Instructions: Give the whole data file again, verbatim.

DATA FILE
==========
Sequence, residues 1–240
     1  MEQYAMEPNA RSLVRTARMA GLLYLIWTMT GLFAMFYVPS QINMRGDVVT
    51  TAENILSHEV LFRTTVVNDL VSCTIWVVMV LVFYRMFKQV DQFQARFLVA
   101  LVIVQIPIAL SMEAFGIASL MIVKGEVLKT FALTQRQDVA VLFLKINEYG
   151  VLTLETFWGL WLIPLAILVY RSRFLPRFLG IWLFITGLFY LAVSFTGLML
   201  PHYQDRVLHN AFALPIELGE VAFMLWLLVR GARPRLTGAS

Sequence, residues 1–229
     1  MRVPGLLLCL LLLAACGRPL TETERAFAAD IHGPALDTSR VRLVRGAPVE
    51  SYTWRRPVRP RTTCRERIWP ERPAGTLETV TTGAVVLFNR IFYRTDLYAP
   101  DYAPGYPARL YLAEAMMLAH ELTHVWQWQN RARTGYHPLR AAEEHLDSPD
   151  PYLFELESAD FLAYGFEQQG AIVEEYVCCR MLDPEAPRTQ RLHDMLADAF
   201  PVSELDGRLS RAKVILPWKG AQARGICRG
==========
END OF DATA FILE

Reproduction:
Sequence, residues 1–240
     1  MEQYAMEPNA RSLVRTARMA GLLYLIWTMT GLFAMFYVPS QINMRGDVVT
    51  TAENILSHEV LFRTTVVNDL VSCTIWVVMV LVFYRMFKQV DQFQARFLVA
   101  LVIVQIPIAL SMEAFGIASL MIVKGEVLKT FALTQRQDVA VLFLKINEYG
   151  VLTLETFWGL WLIPLAILVY RSRFLPRFLG IWLFITGLFY LAVSFTGLML
   201  PHYQDRVLHN AFALPIELGE VAFMLWLLVR GARPRLTGAS

Sequence, residues 1–229
     1  MRVPGLLLCL LLLAACGRPL TETERAFAAD IHGPALDTSR VRLVRGAPVE
    51  SYTWRRPVRP RTTCRERIWP ERPAGTLETV TTGAVVLFNR IFYRTDLYAP
   101  DYAPGYPARL YLAEAMMLAH ELTHVWQWQN RARTGYHPLR AAEEHLDSPD
   151  PYLFELESAD FLAYGFEQQG AIVEEYVCCR MLDPEAPRTQ RLHDMLADAF
   201  PVSELDGRLS RAKVILPWKG AQARGICRG